7. Takes turns appropriately and at the correct time in a wide variety of interactions
8. Understand that perception is dependent on position and person’s unique experiences
9. Recognizes that everyone can have different perceptions of the same item or event, and that all perceptions are equally important
10. Pretends on his/her own with a partner, and can coordinate his/her imagination with partner’s imagination
11. Understands that friendship is consensual, acknowledges others’ similarities and differences and desires to be liked and accepted
12. Develops more than one solution to a problem, and more than one way to approach tasks
13. Thinks about actions before taking them, and can determine what actions are appropriate for the current setting
14. Understands teasing, offers of support, and degrees of agreement
15. Accurately interprets when others are upset, as well as regulates the degree of emotion tied to different experiences
16. Transitions with little preparation
17. Carries out familiar routines and tasks from memory
18. Uses the knowledge of negative consequences to adjust behavior
19. Takes pride in accomplishing challenging task
20. Understand and regulates own emotions based on the current situations, and recognizes that others may have
similar or different reactions to an event based on their personal experiences
Instruction vs. Fostering Opportunities
Since ABA is a behavioral program and focuses on skill acquisition and changing behavior, “getting the child” to learn a new behavior or cease to do an inappropriate behavior is key. There are many methods at the disposal of an ABA therapist to make this happen such as rewards and prompts.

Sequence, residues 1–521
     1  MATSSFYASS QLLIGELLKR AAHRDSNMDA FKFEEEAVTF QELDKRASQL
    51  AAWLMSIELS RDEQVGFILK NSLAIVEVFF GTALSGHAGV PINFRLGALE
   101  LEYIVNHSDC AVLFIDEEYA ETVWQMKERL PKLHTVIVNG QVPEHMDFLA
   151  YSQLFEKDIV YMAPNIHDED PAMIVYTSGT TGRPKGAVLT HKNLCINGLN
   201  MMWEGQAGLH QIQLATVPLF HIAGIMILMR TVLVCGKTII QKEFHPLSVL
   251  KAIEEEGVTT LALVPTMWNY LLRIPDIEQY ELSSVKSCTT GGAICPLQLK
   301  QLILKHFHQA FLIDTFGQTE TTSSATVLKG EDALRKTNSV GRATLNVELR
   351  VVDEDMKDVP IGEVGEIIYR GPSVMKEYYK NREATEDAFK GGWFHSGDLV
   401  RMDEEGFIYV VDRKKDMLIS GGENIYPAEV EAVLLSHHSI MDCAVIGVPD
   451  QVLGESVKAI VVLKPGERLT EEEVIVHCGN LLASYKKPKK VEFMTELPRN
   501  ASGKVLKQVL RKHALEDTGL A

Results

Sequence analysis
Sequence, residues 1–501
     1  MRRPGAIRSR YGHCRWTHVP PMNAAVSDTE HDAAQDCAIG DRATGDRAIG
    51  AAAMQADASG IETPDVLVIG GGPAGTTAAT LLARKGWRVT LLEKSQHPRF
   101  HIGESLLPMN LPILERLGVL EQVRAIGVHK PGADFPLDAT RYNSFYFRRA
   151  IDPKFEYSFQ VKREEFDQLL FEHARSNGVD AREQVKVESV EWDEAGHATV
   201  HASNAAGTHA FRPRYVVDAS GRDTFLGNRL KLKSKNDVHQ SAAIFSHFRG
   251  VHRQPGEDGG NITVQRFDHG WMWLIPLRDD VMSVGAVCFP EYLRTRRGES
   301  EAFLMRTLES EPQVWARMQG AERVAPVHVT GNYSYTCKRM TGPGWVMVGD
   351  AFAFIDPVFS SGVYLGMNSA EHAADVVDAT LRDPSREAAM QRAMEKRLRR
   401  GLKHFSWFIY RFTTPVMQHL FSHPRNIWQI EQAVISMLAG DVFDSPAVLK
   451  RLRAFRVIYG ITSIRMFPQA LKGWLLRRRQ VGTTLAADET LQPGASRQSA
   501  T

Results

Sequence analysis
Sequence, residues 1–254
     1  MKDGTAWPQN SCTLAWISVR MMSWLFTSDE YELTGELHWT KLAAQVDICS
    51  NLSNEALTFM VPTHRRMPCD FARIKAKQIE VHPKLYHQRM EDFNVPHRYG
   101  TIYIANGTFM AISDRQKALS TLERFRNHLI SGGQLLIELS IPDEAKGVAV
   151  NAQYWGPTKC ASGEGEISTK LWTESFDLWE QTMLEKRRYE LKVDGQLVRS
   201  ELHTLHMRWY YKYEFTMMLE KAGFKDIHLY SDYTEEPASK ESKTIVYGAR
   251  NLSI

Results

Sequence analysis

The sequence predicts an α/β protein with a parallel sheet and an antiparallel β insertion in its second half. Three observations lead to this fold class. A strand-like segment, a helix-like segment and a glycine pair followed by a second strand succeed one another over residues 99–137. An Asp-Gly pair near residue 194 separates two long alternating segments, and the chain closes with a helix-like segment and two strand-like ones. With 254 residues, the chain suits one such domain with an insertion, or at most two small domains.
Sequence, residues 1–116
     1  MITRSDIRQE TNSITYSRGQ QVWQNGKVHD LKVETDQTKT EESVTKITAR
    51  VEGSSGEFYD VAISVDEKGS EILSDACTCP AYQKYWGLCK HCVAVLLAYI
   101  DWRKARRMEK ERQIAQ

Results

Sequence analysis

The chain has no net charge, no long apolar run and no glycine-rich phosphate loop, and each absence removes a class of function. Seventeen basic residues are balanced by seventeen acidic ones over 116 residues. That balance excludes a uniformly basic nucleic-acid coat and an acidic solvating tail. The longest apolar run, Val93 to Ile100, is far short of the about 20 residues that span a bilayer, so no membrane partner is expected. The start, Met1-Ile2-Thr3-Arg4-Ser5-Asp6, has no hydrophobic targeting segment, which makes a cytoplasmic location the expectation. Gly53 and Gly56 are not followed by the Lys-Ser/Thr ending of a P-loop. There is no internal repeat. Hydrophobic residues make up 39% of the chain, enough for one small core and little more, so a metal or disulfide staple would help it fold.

The goal of RDI is for the child to make their own discoveries and progress in filling in developmental gaps. The focus is not on “getting the child” to do anything. This does not mean that the child can choose to walk away from the parent, it just means that a parent can’t make the child learn something, they can only set the stage for the learning to occur. The focus is on providing opportunities for the child to make discoveries. At the same time, parents provide the appropriate level of support and of challenge. The goal here is for the child to learn to think not just elicit a behavior. There may be times that the child does not discover or learn anything new because you can’t “make” someone learn something, but through repeated opportunities presented by the parents they are increasing the chances for discoveries to happen.
Behavioral Disorder vs. Underconnectivity of the Brain
ABA classifies Autism as a behavioral disorder and as such it is treated by increasing the frequency of some behaviors and decreasing the frequency of others.